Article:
If the transition is into the pre-teen or teen programme, communicate with parents about what their child can expect and be available to answer any questions. Parents are your best ally in helping younger ones transition between programmes so enlist their help. They may let you know specific fears or obstacles their child might be facing. Continue to communicate after the point of transition and seek feedback on how their child is managing the change as well as discovering reasons why they may have stopped coming.
At that first programme, make a big deal of their presence by welcoming them personally (without embarrassing them) and think of activities in which they can both stick together with people they know, as well as meeting and mixing with those they don’t. Work with your existing young people ahead of time and remind them how they felt when transitioned. Challenge them to be even more welcoming than other people were to them.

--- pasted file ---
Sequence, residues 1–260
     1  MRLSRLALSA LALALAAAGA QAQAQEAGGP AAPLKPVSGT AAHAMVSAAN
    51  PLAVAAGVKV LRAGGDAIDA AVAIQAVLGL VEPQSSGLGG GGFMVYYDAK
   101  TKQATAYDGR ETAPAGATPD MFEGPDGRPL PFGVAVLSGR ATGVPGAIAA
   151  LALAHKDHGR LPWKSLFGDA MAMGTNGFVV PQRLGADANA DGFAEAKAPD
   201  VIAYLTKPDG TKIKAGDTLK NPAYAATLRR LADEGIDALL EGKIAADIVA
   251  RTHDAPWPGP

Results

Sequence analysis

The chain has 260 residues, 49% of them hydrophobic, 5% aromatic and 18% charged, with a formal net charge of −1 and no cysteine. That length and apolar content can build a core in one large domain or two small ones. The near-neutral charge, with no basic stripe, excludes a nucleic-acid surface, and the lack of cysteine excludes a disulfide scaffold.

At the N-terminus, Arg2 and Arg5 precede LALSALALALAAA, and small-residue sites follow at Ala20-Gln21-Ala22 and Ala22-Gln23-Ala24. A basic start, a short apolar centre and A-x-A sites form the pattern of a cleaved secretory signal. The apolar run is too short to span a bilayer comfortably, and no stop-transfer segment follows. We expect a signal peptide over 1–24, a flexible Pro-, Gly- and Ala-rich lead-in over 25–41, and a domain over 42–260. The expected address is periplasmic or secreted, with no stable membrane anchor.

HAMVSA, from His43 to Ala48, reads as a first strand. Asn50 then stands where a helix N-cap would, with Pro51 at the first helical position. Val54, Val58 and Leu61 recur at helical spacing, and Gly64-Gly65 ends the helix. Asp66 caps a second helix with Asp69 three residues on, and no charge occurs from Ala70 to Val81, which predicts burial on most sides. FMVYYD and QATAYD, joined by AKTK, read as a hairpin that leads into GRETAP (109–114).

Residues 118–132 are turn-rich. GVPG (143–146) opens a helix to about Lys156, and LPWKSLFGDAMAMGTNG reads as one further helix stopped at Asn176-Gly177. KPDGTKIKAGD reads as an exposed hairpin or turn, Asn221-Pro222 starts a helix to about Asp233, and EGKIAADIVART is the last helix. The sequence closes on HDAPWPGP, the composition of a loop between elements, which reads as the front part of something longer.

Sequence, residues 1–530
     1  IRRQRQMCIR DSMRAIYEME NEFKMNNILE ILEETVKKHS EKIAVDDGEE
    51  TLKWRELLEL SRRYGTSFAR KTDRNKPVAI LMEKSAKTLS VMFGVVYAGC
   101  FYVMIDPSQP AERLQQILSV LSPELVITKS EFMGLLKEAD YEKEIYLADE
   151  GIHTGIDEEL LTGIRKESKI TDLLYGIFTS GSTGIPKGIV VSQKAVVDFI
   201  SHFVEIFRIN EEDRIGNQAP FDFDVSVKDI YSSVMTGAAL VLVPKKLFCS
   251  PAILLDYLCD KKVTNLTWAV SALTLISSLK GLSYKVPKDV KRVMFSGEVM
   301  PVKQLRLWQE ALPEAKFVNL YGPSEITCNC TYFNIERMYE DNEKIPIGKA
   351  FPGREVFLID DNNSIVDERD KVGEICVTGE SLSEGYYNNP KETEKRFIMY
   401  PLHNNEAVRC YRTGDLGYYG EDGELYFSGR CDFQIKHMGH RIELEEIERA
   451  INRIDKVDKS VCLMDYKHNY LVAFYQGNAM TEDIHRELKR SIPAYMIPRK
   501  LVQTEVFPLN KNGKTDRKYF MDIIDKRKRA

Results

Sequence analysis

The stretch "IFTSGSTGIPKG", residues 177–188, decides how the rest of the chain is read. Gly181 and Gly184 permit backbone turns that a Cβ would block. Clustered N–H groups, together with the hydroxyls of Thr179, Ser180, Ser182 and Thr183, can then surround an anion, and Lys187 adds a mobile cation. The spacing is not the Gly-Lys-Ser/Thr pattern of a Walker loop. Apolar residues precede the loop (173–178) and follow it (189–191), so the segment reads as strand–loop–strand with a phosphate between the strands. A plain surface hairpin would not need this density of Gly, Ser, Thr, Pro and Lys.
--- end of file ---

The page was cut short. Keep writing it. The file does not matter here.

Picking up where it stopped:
Transitioning into a youth group is easiest when they transition with people they already know, which is why it is a good idea to encourage them to bring a friend. Even if they have been part of the pre-teen programme, they won’t necessarily be close friends with others who are also starting youth group.
The transition to having new leaders is made easier when some of their leaders from their previous programme transition with them into the new programme. That way there are familiar faces looking out for them and helping them to fit in and become involved. If that’s not possible, (and even if it is) you will need to get to know the young people before they transition by sometimes joining in their programme so at least they will know you when it is time to transition